Internal waves in the Celebes and Banda Seas

A silver band of sunglint highlights internal waves in the Celebes, Molucca, and Banda Seas around Indonesia in this Moderate Resolution Imaging Spectroradiometer (MODIS) image. Sunglint occurs when the sun reflects off the surface of the water directly into MODIS “eye,” creating a glare. If the ocean were perfectly smooth, the sunglint would be a bright circular reflection of the sun. But since the sea is rough, and not a perfect mirror, the circle is distorted into the band visible here. Sunglint is interesting in that it highlights features that would not ordinarily be visible in the images. Here, the sunglint shows both internal waves and the regular scan lines that mark the beginning and end of MODIS double-sided scan mirror. The scan lines, caused by small differences between the two sides of the scan mirror, are evenly spaced diagonal lines. Internal waves tend to occur in more irregular circular packets. As the name implies, internal waves are wave that occur in the ocean. The ocean is made up of different layers of water that have different densities. When the dense lower layer is dragged against a rough surface on the sea floor, it ripples. The resulting wave travels between two layers of the ocean. Unlike surface waves, internal waves can travel for long distances and can stretch up to tens of kilometers in length. The MODIS instrument on the Aqua satellite acquired this image on October 28, 2003.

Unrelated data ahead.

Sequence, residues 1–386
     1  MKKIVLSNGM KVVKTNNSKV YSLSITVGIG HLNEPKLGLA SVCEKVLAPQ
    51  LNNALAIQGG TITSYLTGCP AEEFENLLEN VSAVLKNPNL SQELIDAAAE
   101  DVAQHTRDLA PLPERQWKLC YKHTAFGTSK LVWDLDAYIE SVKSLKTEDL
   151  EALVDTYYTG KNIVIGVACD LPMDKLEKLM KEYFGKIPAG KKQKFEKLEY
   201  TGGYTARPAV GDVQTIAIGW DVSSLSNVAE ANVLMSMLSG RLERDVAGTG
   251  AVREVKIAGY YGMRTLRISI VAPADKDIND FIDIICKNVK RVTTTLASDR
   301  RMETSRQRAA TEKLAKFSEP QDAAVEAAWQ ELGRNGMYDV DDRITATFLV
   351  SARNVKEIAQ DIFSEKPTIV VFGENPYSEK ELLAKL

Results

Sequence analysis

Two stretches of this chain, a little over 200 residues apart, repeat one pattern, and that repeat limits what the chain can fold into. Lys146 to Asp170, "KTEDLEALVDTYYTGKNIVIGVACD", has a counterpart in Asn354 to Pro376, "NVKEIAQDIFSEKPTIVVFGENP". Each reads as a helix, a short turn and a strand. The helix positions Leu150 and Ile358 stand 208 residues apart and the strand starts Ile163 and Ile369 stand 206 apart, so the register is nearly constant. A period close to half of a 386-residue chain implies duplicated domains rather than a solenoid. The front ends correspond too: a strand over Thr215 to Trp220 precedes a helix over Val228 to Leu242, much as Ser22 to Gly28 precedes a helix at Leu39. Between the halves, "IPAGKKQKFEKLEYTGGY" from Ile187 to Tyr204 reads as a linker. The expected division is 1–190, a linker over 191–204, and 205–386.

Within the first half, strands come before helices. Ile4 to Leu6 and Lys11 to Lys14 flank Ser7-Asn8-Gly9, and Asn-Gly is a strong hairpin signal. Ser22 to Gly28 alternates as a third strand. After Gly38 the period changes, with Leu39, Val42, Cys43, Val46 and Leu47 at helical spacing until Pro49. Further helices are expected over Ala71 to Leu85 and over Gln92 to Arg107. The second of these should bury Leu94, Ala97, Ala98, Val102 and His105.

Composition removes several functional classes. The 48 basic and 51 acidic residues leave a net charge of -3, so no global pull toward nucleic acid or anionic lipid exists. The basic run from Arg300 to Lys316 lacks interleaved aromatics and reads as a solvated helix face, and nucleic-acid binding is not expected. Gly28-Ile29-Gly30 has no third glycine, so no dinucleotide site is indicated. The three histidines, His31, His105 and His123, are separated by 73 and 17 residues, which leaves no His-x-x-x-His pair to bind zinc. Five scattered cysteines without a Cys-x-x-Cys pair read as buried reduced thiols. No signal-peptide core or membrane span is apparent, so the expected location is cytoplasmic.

Source: Jeff Schmaltz, MODIS Rapid Response Team, NASA/GSFC

Por Mapas Owje